Fears for 11-month-old baby rushed to hospital with a terrifying new disease strain – here are the warning signs to watch out for
- An 11-month baby being treated for meningococcal disease
- Infant from rural South Australia remains in stable condition
- SA Health identified those who came into contact with baby
An 11-month-old baby has been rushed to hospital with a severe meningococcal infection as health authorities identify the child’s close contacts.
The toddler is being treated for an invasive case of the contagious disease at a hospital in rural South Australia after testing positive over the weekend.
The baby remains in a stable condition, with health authorities confirming that those who came into contact with the child have all been contacted.
SA Health said the strain had been identified as serotype B.
The toddler is being treated for an invasive case of the contagious disease at a hospital in rural South Australia after testing positive over the weekend (stock image)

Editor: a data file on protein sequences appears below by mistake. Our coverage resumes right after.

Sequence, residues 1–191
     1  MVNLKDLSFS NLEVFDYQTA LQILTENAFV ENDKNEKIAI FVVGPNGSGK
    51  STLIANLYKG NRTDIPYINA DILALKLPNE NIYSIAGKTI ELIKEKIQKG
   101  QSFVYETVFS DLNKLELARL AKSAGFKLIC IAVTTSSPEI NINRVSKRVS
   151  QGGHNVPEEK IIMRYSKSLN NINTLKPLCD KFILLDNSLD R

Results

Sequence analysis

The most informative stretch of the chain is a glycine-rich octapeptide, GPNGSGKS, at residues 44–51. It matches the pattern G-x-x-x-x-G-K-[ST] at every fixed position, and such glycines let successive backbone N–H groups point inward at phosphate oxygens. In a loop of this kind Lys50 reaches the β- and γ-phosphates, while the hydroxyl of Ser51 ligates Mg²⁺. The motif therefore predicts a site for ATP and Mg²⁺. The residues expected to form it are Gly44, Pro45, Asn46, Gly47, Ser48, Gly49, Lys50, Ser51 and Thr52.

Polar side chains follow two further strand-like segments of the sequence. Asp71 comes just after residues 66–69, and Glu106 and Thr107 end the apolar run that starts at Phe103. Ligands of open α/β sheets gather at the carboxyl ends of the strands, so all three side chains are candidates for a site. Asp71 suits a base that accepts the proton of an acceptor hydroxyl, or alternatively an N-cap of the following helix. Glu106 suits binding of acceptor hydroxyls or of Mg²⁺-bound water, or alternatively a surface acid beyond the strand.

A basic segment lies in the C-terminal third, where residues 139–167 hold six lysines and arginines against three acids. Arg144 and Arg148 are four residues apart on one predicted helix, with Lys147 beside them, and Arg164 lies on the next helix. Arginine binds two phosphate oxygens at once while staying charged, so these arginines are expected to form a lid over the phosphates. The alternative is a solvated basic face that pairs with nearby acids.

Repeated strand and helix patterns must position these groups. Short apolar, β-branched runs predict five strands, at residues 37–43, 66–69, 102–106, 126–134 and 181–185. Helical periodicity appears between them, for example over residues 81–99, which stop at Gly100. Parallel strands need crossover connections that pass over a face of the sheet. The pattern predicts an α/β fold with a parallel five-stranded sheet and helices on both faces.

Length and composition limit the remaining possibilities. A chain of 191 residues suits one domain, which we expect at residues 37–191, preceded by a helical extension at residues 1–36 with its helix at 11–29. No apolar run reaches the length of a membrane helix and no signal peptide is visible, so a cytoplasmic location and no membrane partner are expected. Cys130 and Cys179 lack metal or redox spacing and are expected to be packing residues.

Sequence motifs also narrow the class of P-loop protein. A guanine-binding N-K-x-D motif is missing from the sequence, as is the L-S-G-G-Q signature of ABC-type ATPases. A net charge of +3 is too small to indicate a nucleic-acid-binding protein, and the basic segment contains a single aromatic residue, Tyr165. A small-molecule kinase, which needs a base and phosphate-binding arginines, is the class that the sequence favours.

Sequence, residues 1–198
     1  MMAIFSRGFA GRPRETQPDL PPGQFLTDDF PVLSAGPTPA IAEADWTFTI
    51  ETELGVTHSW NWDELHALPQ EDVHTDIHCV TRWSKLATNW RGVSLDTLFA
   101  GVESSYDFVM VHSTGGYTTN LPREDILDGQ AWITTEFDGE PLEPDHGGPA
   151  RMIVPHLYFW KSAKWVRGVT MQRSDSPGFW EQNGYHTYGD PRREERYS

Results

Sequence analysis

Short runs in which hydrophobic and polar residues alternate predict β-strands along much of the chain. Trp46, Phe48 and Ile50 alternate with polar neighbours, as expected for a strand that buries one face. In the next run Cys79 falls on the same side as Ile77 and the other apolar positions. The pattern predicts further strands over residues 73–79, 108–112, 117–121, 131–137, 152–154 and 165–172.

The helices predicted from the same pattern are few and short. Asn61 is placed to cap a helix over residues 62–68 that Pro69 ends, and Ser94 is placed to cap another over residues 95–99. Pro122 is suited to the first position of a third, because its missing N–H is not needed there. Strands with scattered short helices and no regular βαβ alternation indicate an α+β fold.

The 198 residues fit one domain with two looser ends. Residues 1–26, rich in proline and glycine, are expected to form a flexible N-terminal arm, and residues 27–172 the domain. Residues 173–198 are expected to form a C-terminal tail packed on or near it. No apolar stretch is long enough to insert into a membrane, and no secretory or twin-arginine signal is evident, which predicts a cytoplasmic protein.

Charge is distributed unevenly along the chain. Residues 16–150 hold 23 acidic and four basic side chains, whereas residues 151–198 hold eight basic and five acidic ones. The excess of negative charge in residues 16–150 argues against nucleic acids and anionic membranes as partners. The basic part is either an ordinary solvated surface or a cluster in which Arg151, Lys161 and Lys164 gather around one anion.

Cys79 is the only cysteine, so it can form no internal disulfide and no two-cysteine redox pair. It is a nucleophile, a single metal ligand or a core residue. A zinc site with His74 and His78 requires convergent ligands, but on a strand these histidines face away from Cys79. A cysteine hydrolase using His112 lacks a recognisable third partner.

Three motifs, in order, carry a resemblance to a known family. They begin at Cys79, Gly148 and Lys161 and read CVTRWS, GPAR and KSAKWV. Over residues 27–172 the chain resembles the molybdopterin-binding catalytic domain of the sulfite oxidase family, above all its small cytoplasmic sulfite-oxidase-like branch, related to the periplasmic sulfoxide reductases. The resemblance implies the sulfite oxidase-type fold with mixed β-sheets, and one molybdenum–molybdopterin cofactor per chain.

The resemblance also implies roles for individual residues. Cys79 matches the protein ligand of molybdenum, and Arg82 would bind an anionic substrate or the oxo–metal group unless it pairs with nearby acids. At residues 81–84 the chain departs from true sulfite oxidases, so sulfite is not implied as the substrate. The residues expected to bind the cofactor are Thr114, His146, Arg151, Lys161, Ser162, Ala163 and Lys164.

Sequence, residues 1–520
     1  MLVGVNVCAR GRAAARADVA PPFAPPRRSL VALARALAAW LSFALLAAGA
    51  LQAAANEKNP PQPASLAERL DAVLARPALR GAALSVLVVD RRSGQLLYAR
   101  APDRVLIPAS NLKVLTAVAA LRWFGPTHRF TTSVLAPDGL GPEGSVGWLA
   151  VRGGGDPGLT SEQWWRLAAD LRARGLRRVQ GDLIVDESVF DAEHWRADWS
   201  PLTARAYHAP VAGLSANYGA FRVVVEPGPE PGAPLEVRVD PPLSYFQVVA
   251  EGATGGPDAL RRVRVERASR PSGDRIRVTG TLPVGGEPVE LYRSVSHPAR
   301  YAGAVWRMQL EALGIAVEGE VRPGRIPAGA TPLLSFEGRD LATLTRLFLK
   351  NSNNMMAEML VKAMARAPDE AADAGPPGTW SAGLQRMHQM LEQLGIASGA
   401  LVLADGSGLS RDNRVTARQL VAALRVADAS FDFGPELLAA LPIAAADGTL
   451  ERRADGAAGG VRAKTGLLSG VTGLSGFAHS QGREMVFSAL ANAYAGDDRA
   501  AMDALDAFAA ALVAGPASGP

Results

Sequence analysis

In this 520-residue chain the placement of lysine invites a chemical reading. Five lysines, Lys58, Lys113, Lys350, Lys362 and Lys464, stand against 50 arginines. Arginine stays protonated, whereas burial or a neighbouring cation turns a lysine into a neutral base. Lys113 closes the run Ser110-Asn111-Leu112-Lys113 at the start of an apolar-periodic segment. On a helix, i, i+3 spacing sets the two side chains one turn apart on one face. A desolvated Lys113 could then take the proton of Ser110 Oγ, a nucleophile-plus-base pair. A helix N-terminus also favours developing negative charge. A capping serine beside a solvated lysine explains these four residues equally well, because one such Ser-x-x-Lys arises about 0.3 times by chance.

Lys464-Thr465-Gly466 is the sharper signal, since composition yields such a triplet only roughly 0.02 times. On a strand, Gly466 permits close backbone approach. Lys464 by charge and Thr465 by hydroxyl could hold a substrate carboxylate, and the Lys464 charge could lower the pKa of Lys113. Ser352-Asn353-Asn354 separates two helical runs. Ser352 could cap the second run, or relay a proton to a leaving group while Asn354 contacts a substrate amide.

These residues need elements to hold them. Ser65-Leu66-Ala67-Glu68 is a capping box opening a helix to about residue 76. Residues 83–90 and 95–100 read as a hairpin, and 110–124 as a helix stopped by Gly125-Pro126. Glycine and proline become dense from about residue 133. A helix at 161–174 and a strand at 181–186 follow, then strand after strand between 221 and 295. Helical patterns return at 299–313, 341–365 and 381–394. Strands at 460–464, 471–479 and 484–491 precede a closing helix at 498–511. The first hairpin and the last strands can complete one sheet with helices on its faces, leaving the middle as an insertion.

Health authorities have confirmed that those who came into contact with the child have been contacted (pictured is a different baby suffering from meningococcal disease)
Health authorities have directed four people to take clearance antibiotics and have urged the community to get vaccinated for the disease to avoid getting sick.
Vaccines are covered under national and state-funded projects and are available to infants at six weeks, four months, 12 months and students in Year 10.
There have been three cases of invasive meningococcal disease across SA so far this year, up from two cases during the same time in 2021.
All three cases were identified as the serotype B strain.
There were 14 cases of the contagious disease across the state last year.
SA Health has warned those who are already vaccinated to remain alert, as the vaccine does not protect against all strains.
MENINGOCOCCAL SYMPTOMS TO WATCH OUT FOR IN INFANTS:
A rash on the skin that looks like red or purple dots or bruises
Children can also have pale, blotchy or abnormally coloured skin
Fever and vomiting
Cold hands and feet
Infants can be difficult to wake and refuse to eat
Confusion or shock
Source: SA Health
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